Searching Review: An excellent look at a parent’s worst nightmare

John Cho sheds some of his comedic skin to lead one of the best thrillers to grace the big screen in years. It’s modern concept and effective twists create a film that will draw viewers in.

Taking place solely through computer screens, viewers follow David (Cho), a father who struggles to connect to his daughter Margot (Michelle La) after his wife dies. Things get worse for David, though, as Margot goes missing without a trace. This leads David to obsessively scour her internet activity and work with a police detective (Debra Messing) in order to figure out what has happened to his daughter.

Using chat windows and the internet search engines has been used in plenty of horror and thriller films in recent times. However, none of them has used this method of storytelling as effectively as Searching does. It sets up the reasoning David and his family heavily use technology and actually showcases a fairly realistic representation of a family in the modern age. Not to mention, it accurately represents language and reactions from an online audience and all of these reactions feel very relevant to how many see social media now.

This filmmaking method also adds to the suspense as viewers are often left to see new information that pushes the story forward that the on-screen characters might not realize. It really packs a punch with each new piece of the puzzle and show the deep storytelling that Searching has.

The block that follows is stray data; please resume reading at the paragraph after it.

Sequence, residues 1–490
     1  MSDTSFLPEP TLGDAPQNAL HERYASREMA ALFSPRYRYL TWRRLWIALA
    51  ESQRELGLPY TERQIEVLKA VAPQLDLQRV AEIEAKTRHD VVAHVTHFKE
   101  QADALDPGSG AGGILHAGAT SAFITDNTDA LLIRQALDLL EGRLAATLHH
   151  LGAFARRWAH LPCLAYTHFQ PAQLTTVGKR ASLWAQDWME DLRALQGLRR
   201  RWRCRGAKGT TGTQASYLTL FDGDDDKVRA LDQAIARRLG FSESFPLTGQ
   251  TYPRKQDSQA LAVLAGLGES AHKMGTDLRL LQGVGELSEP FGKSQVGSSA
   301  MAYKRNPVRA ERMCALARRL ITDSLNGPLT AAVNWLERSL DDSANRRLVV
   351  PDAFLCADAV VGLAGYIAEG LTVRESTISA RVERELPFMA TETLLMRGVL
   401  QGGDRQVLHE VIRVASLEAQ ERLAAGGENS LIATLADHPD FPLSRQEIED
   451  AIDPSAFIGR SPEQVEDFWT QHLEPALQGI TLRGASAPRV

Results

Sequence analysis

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Paranoia sets in quick for David and he quickly loses trust as he digs deeper into what happened to Margot. PHOTO: CNet

Cho is excellent in this film and really showed how talented he truly is. His ability to convey the growing frustration and struggles of David through just webcam footage is truly spectacular. Many will even see David as extremely relatable, especially parents, and many will truly feel for his tough situations and paranoia.

Searching explores every part of the internet and even shows how far it has come in some ways. David’s findings and attempts at research feel pretty practical and the film gives a good look of different aspects of the internet. This method ultimately led to some surprisingly funny moments throughout the film as well. Searching finds a way bring in some solid comedic timing and moments that give viewers a break from the dark and heavy plot line.

While it has plenty of great representation of internet use, I did wish they had more spelling mistake when typing. Especially as David becomes more frantic. PHOTO: The Verge

Where I found the film’s strongest points to be, though, was when the film did a solid job of making me believe in the “red herrings” and possibilities on what actually happened. Often times “red herrings,” or possible culprits the film tries to allude to that end up not really being anything special, are typically overdone in thrillers and these characters feel too obvious at being nothing special. Not that there isn’t a moment or two that feel this way in Searching, but it ultimately does an excellent job in making viewers believe something different every time as it adds a new element or fact to the story.

Searching is a film that needs to be seen as soon as possible. Cho puts up one of the best performances of his already excellent career, the film is incredibly suspenseful and has plenty of awesome revelations, and is a modern story that many moviegoers can relate to.



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